Category: Letters Page 1 of 3
An interview with Erika Funke of WVIA-FM in Scranton, PA. It concerns Mike’s edition of Mailer’s letters.
It’s refreshing and more than a little nostalgic to see the trials, triumphs, and tribulations of Mailer’s time through his own combative eyes, before writers were marginalized as influential public figures.
In 2002, J. Michael Lennon began reading more than 45,000 letters Mailer had written over 70 years … As you can imagine, Mailer spent a lot of time corresponding with fellow authors and celebrities, but also with friends and family and ordinary people who wrote to him.
Hour 1: J. Michael Lennon on the “Selected Letters of Norman Mailer” — Lennon says Mailer never tossed a single thing he ever wrote.
For sheer rambunctiousness and fecundity, however, few can match Norman Mailer’s Selected Letters, as chosen by his latest biographer from an astonishing 45,000 pieces of correspondence.
For fans of the novelist-pugilist, this posthumous fruit of his correspondence — 716 letters out of almost 50,000 — is indispensable. For anyone interested in the intellectual battles of the past 60 years, it provides a detailed road map of the controversies and egos involved. (Correspondents included Jackie Kennedy, Marlon Brando, Henry Kissinger, both Clintons, and pretty much every white writer of his generation.) And for the rest, it’s a subtle document of an unsubtle man’s wit and erudition, even (or especially) when it’s wielded as a weapon.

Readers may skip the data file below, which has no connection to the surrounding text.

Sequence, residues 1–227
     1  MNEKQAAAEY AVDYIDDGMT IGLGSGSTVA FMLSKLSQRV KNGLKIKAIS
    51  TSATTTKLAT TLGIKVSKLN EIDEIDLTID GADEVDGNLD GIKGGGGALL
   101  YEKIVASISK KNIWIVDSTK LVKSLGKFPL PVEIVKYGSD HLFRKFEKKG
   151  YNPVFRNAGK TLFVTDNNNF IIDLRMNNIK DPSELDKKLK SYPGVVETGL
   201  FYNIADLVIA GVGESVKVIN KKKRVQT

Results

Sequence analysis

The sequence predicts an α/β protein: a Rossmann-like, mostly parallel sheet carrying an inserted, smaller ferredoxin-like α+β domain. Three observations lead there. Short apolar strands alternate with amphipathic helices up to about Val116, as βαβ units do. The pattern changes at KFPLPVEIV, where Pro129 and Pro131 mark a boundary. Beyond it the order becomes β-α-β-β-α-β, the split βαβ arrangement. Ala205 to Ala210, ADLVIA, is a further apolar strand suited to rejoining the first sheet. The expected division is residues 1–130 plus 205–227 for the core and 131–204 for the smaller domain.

Lennon’s role as custodian of Mailer’s literary estate may seem redundant: after all, acting as his own curator was part of Mailer’s addiction to self‑dramatisation. Commencing with the taming and recontextualisation of the juvenilia and marginalia in 1959’s Advertisements for Myself, he was determined to frame his own works and set the parameters within which they were to be considered. However, his executor’s pruning proves indispensable: having given himself over to the fanatical labour of making a selection from more than 45,000 letters, Lennon presents us with 716 key missives, dating from 1940 to Mailer’s death in 2007.
Mailer, who won two Pulitzer Prizes, wrote 44 books and also produced one of the largest troves of letters in American life. J Michael Lennon, author of a 2013 Mailer biography, worked with the author over the last 30 months of his life to sift through 45,000 missives he wrote to 4,000 people, narrowing the selection down to 714. Beginning with his 1940 letter to his parents from Harvard, asking if they would subsidise the cost of his applying to literary magazine The Advocate, Mailer’s correspondence offers an intimate look at the author in all his variety: filial, pugnacious, collegial, spiteful, affectionate, defiant and generous by turn. Of particular note: his letters to Jack Henry Abbott, the convicted murderer whose literary talent he championed, James Jones, William Styron and longtime friend Diana Trilling. (Random House)